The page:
I’m writing this as the national conversation about education seems to be focusing on life after Covid-19 for the first time since the crisis started. We have quite rightly been so focused on the immediate issues of safety and protecting the most vulnerable that beyond a vague sense that everything will be different, it has been too difficult to understand how, and when, we will return to normality.
But now that debate is shifting. Government has made it clear that schools will be fully open for all children full time from the start of the new school year in September. Not only that, but we will be seeing a substantial investment in programmes to help students recover.
Clearly, the last few months will have had an effect – in many ways it would be more worrying in the long term if there wasn’t a significant impact of such a period of school closure (for most pupils). No matter how diligent teachers have been in setting up online curricula, we know they cannot replace the benefits of fully operational schools.
The effort to support a generation of young people who have been badly affected is welcome. They certainly do not deserve to have their future blighted by factors way beyond their control. That’s why people on every side of the argument have bought into the idea that children have fallen behind, and now what is needed is for these students to ‘catch up’.
Catch up with what? With who? With where everyone else is? With where we imagine they would have been if they hadn’t had any time out of school? ‘Catching up’ implies a sudden and temporary spurt, an extra effort to get back on track, following which they slow back down and jog along with everyone else. It’s a persuasive idea, because it isolates the problem and provides a neat solution.
However, the pervasive narrative of ‘catch up’ will mean that we make some poor decisions about curriculum and provision.
Firstly, as teachers will know, it doesn’t reflect what we know about student learning. Learning is not a racetrack with a finishing line. It’s not a neat, linear process where every person takes the same cognitive route to an imagined finish line and if you fall behind, you just need a turbocharged boost to get back in touch. I’m tempted to observe that if accelerating learning was as straightforward as this, we should be doing this already. What’s more, children’s development is not simply confined to the classroom, so the assumption that nothing will have been learnt, or that they will have gone ‘backwards’ may not be accurate, and certainly won’t be consistent.
Secondly, we have no idea what the impact of learning loss will be, and how long lasting. The research by John Hattie (based on an analysis of student progress after schooling had been interrupted by the aftermath of the Christchurch earthquake) has been widely quoted recently, but in summary it says that children’s recovery from interrupted schooling is swifter and learning is more resilient than we might expect. We also have to bear in mind the fact that young people will not come back into school in an equal state of readiness to learn – some will have been hugely affected by the crisis, others may be able to pick up exactly where they left off. Designing programmes to meet these needs will inevitably miss far more targets than it hits.
Finally, and perhaps most importantly, the concept of ‘catching up’ as quickly as possible could easily lead to short-term curriculum decisions that do not benefit the broad development of our pupils. If we’re trying to move as quickly as possible, it makes sense to jettison all unnecessary baggage that might slow us down. The evidence says that catch-up and intervention time is often taken from PE, PSHE, tutor time or at the expense of enrichment activity. These are precisely the sort of things that many young people will have been missing out on in recent times.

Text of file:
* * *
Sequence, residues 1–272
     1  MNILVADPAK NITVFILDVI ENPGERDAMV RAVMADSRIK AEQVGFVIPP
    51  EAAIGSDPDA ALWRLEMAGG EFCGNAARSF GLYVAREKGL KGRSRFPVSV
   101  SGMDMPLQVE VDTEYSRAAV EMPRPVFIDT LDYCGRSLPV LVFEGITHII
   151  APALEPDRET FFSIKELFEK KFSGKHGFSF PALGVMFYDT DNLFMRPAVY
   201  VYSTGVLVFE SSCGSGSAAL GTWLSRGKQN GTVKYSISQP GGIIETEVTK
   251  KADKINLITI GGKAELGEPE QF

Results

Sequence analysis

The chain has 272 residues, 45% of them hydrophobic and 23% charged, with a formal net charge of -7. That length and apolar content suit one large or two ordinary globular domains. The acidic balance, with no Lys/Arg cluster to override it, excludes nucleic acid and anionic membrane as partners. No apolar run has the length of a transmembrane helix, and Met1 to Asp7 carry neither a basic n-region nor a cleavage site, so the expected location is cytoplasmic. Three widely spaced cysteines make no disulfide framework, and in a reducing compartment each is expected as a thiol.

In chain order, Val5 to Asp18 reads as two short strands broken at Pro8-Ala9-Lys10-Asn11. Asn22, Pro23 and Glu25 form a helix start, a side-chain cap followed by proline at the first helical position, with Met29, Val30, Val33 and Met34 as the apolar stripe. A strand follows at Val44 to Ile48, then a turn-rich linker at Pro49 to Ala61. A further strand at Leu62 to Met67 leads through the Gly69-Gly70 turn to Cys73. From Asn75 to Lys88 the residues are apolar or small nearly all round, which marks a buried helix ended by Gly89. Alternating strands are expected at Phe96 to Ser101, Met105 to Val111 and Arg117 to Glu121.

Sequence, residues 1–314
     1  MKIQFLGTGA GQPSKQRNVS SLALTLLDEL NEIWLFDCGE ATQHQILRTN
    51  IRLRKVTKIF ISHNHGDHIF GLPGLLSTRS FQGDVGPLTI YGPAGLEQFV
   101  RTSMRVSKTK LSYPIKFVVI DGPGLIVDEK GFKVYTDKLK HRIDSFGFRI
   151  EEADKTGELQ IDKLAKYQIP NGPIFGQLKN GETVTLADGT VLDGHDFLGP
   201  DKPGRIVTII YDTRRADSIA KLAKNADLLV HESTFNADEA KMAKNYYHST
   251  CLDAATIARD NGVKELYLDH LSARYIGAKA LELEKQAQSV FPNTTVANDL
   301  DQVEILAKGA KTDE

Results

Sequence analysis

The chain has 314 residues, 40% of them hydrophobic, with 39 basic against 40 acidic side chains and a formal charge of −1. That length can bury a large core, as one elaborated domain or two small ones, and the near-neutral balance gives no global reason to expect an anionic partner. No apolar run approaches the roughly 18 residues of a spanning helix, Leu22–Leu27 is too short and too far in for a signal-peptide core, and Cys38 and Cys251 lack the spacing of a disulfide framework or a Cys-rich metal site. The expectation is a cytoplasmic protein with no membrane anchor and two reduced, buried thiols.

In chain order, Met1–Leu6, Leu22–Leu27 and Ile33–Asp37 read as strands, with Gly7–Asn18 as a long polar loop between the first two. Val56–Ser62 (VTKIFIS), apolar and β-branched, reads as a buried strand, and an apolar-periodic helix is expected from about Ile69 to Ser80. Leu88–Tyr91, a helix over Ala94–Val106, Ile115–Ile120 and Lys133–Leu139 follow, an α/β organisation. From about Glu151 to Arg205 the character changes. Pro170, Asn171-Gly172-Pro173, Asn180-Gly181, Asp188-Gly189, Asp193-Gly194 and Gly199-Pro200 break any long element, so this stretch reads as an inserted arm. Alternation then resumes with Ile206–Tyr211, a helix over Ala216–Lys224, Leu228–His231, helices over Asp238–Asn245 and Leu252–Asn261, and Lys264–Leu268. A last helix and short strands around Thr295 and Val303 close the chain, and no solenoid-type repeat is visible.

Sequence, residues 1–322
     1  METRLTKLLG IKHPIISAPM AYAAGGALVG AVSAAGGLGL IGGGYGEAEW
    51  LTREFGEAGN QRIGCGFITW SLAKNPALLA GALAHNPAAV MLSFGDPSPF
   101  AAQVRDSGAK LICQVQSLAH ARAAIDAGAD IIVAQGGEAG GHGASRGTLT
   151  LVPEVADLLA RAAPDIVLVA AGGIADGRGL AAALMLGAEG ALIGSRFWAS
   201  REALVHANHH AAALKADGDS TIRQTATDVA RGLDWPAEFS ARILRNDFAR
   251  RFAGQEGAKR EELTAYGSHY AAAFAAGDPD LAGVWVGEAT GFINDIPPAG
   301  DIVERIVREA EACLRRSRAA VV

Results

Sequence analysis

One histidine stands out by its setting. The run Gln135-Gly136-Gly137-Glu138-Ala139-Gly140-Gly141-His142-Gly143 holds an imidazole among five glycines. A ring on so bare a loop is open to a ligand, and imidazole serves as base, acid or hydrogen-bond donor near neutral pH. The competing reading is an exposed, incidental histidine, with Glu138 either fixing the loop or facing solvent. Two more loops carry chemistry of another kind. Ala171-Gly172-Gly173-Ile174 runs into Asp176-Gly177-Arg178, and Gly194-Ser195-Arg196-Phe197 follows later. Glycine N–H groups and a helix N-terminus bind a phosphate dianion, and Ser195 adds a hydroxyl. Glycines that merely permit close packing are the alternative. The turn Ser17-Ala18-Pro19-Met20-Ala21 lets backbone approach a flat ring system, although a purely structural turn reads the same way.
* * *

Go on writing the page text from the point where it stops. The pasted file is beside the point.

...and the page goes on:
So, how should we respond? Most importantly, we need to make sure that our students make as much progress as possible when they come back, by using the wealth of knowledge we have about securing excellent pupil outcomes. Quality First Teaching, broad and balanced curricula, well-planned schemes of work, teachers using their well-practised skills of instruction and excellent subject knowledge to bring about secure long-term student learning – these are the things that we know make a lasting difference.
We can then supplement this by employing the promised additional support and resources (subject to the small print) in a targeted and informed way, so that individual tutoring programmes build on and support work in class, and are informed by accurate formative assessment – avoiding one-size-fits-all remote packages.
We use the newly-formed knowledge and resources we have about online and remote learning to supplement what we are doing, not just as a panicked attempt to catch up, but from now on as an integral part of the learning package.
We make sensible curriculum choices to recognise that some content has been missed, but that does not have to lead to the long term lack of skills development. If not all History topics can be covered in a meaningful way, change the exam so that fewer topics are needed, don’t sacrifice depth of knowledge for superficial coverage.
It would also be helpful if school-level decisions in the interests of their students could be supported by central policy – for example another year’s suspension of comparative league-table data, or amendments to the Ofsted framework to acknowledge school’s current challenges.
This has been an unlucky generation of students – they’ve gone through a period of austerity in education and have now been hit by a once in a lifetime pandemic (we hope). However, all is not lost, and anyone who works with children and young people knows how resilient they can be. This is a time for the adults to display determination and cool heads. Catch Up? All in good time.